That said, if you do have the option to move your event online, that can be a fairly large relief all things considered. The LAN portion of esports tournaments amount to most of the costs and a fairly small part of the returns – a very different case from traditional sports where smaller clubs are much more reliant on matchday revenue and are looking at some fairly dark clouds on the horizon due to this disruption.

In fact, the traditional sports leagues and the directly controlled franchised competitions in esports are both facing major scheduling difficulties – not to mention the sudden problems of broadcasting companies like BT Sports who are now facing gaping holes in their schedules. Euro 2020 may very well be moved to 2021 in order to accommodate for any potential room needed to sort out the currently shuddered club football competitions, and by the same token, one has to wonder how competitions like the LCK or the Overwatch League will be able to crowbar in the cancelled events to round out the calendar and maintain competitive integrity.

Moving players < moving events?

There’s also the simple fact that it’s dicey to fly to an event if you don’t know whether you’ll be allowed back home after it’s done. Jamie Padua, FURIA’s founder and CEO suggested that North American teams should not fly to Europe to play in the Pro League, and these complications no doubt played a large part in ESL’s decision to move the league online. It’s also been floated that the US travel ban was also the reason Valve (and ESL) ultimately decided to fully cancel the Los Angeles Major for Dota 2 instead of just playing it behind closed doors.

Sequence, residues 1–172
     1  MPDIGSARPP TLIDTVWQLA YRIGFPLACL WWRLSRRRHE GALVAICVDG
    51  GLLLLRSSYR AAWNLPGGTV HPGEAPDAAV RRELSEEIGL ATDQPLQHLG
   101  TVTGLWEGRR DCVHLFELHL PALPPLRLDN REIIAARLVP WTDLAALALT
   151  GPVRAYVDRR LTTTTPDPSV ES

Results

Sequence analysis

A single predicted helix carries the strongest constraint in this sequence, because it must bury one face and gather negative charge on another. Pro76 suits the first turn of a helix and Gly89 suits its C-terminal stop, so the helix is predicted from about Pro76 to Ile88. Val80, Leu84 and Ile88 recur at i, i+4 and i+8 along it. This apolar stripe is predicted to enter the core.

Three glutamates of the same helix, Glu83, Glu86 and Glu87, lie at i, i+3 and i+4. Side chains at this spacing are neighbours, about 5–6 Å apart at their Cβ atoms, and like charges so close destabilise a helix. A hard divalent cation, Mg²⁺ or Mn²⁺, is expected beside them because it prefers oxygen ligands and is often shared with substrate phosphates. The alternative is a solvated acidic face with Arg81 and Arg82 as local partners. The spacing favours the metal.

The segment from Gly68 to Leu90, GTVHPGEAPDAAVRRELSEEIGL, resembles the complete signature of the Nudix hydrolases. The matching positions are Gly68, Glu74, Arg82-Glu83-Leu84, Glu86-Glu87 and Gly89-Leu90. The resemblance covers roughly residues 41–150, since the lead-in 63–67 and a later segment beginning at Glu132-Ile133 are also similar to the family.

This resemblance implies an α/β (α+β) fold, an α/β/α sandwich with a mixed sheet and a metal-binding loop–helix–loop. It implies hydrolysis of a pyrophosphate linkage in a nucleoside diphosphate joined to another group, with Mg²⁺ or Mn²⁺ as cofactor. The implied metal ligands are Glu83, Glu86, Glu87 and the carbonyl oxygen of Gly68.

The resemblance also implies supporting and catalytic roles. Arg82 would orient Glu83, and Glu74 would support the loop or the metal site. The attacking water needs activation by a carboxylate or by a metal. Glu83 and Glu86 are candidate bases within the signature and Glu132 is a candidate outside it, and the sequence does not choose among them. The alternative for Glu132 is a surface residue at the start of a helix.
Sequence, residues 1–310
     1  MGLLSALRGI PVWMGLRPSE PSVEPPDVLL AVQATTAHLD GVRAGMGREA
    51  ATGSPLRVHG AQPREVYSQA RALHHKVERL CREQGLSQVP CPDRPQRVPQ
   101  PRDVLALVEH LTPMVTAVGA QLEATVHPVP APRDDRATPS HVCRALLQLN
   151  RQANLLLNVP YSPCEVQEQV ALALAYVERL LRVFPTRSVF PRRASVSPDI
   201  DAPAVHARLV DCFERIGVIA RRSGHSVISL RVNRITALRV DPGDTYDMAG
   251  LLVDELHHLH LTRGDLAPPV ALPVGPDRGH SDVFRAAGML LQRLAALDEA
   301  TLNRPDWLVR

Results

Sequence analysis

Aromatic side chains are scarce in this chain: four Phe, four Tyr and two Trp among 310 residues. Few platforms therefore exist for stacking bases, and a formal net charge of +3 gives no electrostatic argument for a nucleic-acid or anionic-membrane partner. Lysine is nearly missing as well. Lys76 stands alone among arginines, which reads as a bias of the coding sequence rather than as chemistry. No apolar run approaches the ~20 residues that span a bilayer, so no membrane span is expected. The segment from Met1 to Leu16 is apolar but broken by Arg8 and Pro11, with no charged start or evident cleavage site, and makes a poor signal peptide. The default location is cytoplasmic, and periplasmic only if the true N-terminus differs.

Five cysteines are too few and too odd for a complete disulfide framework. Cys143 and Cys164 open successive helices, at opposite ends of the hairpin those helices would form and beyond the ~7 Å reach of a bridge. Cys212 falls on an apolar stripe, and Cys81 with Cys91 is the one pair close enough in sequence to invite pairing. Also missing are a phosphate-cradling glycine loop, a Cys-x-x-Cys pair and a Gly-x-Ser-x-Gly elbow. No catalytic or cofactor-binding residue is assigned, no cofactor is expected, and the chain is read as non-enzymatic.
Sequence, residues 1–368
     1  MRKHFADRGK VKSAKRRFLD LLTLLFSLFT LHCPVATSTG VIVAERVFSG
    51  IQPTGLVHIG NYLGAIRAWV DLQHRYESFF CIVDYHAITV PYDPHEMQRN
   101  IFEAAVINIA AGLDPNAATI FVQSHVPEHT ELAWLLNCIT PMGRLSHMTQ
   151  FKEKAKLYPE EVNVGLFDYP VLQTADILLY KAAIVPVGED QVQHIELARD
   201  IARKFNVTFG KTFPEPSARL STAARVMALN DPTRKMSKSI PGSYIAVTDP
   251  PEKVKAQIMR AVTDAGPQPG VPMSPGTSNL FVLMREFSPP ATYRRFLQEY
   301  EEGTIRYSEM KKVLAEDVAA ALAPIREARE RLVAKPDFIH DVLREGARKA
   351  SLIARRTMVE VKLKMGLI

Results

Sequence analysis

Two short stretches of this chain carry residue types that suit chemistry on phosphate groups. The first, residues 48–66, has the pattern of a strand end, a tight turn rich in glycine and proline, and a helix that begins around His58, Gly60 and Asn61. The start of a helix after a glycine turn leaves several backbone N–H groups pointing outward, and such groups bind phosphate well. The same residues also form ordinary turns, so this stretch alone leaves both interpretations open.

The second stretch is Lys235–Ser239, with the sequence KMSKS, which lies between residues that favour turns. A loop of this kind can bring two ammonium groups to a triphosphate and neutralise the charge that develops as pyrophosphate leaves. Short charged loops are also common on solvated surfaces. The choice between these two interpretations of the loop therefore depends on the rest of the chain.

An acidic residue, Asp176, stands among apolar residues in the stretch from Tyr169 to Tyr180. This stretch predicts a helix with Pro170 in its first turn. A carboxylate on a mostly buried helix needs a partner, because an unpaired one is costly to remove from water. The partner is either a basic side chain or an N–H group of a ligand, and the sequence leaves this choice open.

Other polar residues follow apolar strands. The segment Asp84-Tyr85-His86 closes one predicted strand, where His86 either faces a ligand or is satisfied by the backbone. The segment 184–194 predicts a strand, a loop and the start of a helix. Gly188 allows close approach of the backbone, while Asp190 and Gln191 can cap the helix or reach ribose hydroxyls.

In fact, rumors are already abound about the restructuring and relocation of this year’s CS:GO Majors as well. Ultimately, the CS:GO calendar is a very different beast than something like Dota, with much fewer Valve-handled events concentrated smaller clusters instead of the sort of quasi-complete control afforded by the DPC, even with the impending new system of Majors increasing the developers’s footprint in the competitive scene.

The clock is ticking on the Rio Minors, and with CS:GO’s growing overall numbers, any disruption to 2020’s first Major would be a painful change of trajectory. However, the calendar is fairly sparse otherwise for the next few months, with the competing leagues sucking up most of the oxygen for the near future. Currently, it seems like the action is only going to pick up in June, with BLAST’s Spring 2020 Showdown slated to start on June 2 and DreamHack Master Jönköping’s openers penciled in for June 9.

This means that as most of the esports world is reeling from the cancellation of events planned for March and April, CS:GO people have a bit of time now that the Pro League and FLASHPOINT have been sorted out. No doubt the global health situation will have the biggest effect on the Counter-Strike calendar, but right now, most of the added complications stemming from the game’s open circuit only add another layer of uncertainty instead of an immediate scheduling catastrophe.